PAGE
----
and carried them to the workbench.
At the top of the stairs the door opened slowly. Madge peered down, pale and frightened. "Verne?"
He scowled up impatiently. "What do you want?"
Madge came downstairs hesitantly. Behind her Doctor Tyler followed, suave and handsome in his gray suit. "Verne — is everything all right?"
"Did—did you really quit your job?"
Haskel nodded. He began to disassemble the Ink Works, ignoring his wife and Doctor Tyler.
Haskel grunted impatiently. "No time."
Doctor Tyler had begun to look worried. "Do I understand you're too busy for your job?"
"Too busy doing what?" Tyler's voice rose; he was trembling nervously. "Working down here on this town of yours? Changing things?"
"Go away," Haskel muttered. His deft hands were assembling a lovely little Langendorf Bread Factory. He shaped it with loving care, sprayed it with white paint, brushed a gravel walk and shrubs in front of it. He put it aside and began on a park. A big green park. Woodland had always needed a park. It would go in place of the State Street Hotel.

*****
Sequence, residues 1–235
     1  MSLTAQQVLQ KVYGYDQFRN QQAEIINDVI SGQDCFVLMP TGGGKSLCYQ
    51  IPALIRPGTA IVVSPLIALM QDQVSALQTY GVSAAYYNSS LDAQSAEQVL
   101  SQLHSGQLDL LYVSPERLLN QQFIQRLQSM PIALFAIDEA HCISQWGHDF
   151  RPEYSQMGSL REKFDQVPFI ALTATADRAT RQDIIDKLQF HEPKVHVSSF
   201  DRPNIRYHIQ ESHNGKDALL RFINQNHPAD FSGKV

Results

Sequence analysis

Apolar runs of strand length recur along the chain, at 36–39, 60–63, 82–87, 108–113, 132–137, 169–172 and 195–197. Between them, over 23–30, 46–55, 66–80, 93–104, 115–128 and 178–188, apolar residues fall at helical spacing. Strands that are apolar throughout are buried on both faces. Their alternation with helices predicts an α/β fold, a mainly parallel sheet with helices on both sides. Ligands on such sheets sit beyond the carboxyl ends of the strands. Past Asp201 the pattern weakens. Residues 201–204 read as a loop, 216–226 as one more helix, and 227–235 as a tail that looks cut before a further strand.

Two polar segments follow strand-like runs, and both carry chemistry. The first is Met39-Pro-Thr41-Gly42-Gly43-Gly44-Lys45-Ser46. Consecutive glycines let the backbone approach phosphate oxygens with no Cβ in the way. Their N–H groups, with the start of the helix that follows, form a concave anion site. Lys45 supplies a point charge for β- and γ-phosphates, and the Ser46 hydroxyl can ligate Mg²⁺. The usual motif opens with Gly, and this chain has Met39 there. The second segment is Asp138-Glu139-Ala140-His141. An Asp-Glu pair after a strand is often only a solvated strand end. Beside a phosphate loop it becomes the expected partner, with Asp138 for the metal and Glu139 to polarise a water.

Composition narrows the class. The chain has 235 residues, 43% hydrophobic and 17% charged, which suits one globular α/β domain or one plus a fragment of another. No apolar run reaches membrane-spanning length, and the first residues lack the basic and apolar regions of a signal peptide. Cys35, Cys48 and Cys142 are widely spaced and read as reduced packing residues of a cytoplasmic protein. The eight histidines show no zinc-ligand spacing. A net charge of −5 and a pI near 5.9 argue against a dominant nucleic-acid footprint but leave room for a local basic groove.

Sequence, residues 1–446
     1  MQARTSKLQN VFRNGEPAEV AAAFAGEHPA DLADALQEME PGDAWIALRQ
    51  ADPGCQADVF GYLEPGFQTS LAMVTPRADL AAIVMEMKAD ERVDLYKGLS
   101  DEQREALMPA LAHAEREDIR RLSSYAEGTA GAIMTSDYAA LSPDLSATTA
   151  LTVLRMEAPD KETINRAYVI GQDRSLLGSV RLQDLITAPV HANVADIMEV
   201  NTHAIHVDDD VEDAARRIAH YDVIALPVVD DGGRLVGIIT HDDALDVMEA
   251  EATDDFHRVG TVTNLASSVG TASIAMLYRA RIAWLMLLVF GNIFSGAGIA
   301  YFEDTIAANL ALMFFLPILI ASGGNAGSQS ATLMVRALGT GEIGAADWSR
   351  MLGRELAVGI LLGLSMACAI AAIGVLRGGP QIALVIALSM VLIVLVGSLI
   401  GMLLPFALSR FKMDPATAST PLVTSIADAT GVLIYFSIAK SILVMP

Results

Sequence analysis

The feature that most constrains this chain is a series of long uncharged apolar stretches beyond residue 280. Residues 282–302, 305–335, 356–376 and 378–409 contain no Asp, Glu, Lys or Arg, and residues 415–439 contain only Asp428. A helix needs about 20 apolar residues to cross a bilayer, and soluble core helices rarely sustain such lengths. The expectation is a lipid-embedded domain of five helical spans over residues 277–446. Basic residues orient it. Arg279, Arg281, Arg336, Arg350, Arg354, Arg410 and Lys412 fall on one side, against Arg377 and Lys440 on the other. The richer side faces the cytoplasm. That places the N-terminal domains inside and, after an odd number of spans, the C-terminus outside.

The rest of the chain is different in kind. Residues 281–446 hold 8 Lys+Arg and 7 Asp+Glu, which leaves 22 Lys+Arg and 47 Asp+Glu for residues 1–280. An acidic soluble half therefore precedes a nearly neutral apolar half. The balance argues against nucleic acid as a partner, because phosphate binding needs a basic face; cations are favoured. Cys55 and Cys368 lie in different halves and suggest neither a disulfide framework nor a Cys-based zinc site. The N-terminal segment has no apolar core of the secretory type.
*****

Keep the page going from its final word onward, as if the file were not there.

Tyler pulled Madge away from the table, off in a corner of the basement. "Good God." He lit a cigarette shakily. The cigarette flipped out of his hands and rolled away. He ignored it and fumbled for another. "You see? You see what he's doing?"
Madge shook her head mutely. "What is it? I don't—"
"How long has he been working on this? All his life?"
Madge nodded, white-faced. "Yes, all his life."
Tyler's features twisted. "My God, Madge. It's enough to drive you out of your mind. I can hardly believe it. We've got to do something."
"What's happening?" Madge moaned. "What—"
"He's losing himself into it." Tyler's face was a mask of incredulous disbelief. "Faster and faster."
"He's always come down here," Madge faltered. "It's nothing new. He's always wanted to get away."
"Yes. Get away." Tyler shuddered, clenched his fists